Schiff added, however, that if Trump “continues to stonewall” Congress, and “demonstrate his unfitness for office,” congressional Democrats could move forward.

“There may be little additional cost to going through that process, even if unsuccessful in the Senate,” Schiff said. “But we’re not there yet and I think if it is a close call, close calls go against putting the country through that.”

Schiff’s comments come as rank-and-file congressional Democrats have ramped up their calls for impeachment, following a rare public statement by Special Counsel Robert Mueller last week, who announced it was “not an option” for his team of prosecutors to charge the president with a crime due to longstanding Justice Department policy.

Mueller detailed the findings in his probe, maintaining that there was “not sufficient evidence to charge a conspiracy” with regard to whether members of the Trump campaign coordinated with the Russian government during the 2016 presidential election.

But Mueller did not mince words on his inquiry into whether the president obstructed justice.

“If we had had confidence that the president clearly did not commit a crime, we would have said that,” Mueller said. “We did not determine whether the president did commit a crime.”

Mueller explained the longstanding Justice Department policy, which states that a sitting president cannot be charged with a crime, and thus said “charging the president was not an option we could consider.”

Mueller added that “it would be unfair to accuse someone of a crime when there could be no court resolution of the charge.”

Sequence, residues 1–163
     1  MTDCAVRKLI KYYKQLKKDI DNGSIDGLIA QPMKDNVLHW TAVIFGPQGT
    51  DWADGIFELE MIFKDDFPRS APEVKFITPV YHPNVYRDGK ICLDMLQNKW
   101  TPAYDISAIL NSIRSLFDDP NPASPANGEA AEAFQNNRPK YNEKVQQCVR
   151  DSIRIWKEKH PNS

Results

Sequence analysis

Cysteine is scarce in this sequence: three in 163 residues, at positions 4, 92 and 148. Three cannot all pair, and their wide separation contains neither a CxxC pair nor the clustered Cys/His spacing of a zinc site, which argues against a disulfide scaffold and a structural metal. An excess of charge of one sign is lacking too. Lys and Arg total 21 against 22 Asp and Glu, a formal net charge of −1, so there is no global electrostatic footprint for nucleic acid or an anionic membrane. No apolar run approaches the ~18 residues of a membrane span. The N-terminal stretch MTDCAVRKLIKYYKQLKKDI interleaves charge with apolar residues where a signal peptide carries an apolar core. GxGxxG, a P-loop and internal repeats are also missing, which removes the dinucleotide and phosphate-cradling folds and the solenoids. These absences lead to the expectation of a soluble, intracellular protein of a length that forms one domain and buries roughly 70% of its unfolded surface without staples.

But Mueller said that while the Office of Legal Counsel (OLC) opinion blocks a president from indictment while in office, “the Constitution requires a process other than the criminal justice system to formally accuse the president of wrongdoing.”

Some on the left took that comment as a green light to ramp up talks about impeachment proceedings against the president.

Sen. Kamala Harris, D-Calif., also compared Mueller’s remarks to an “impeachment referral,” and said, “We need to start impeachment proceedings. It’s our constitutional obligation.”
Rep. Seth Moulton, D-Mass., who is also running for president, said now that Mueller’s job is done, “Impeachment hearings should begin tomorrow.”

House Judiciary Committee Chairman Jerrold Nadler, D-N.Y., whose committee would oversee impeachment proceedings, said that there “certainly is” justification to begin impeachment, but said it was critical to first gain the support fo the American people.

“Impeachment is a political act, and you cannot impeach a president if the American people will not support it,” said Nadler, D-N.Y. “The American people, right now, do not support it because they do not know the story. They don’t know the facts.”

Nadler added: “We have to get the facts out. We have to hold a series of hearings, we have to hold the investigations.”

But despite growing calls from rank-and-file Democrats, House Speaker Nancy Pelosi, D-Calif., has tread lightly on the topic, vowing to investigate allegations against the president, but stopping short of calling to begin impeachment proceedings.

Pelosi, this week, also said that Democrats “want to do what’s right and what gets results.”

“We’re legislating, we’re investigating and we’re litigating,” Pelosi said. “Everybody wants justice, everybody wants the president to be held accountable.”

But House Majority Whip James Clyburn, D-S.C., despite Pelosi’s resistance to the idea, said Sunday he feels Democrats have “already begun” impeachment proceedings.

“We’ve got all these committees doing their work, we’re having hearings, we’ve already won two court cases and there are other cases that are still to be determined, so why should we get out in front of this process?” Clyburn said on CNN’s “State of the Union.”

“It’s kind of interesting to me when you talk to people and ask them what they think we ought to do,” he added. “They agree with what we’re doing, it’s just that, emotionally, they would like to see something done and see it done quicker.”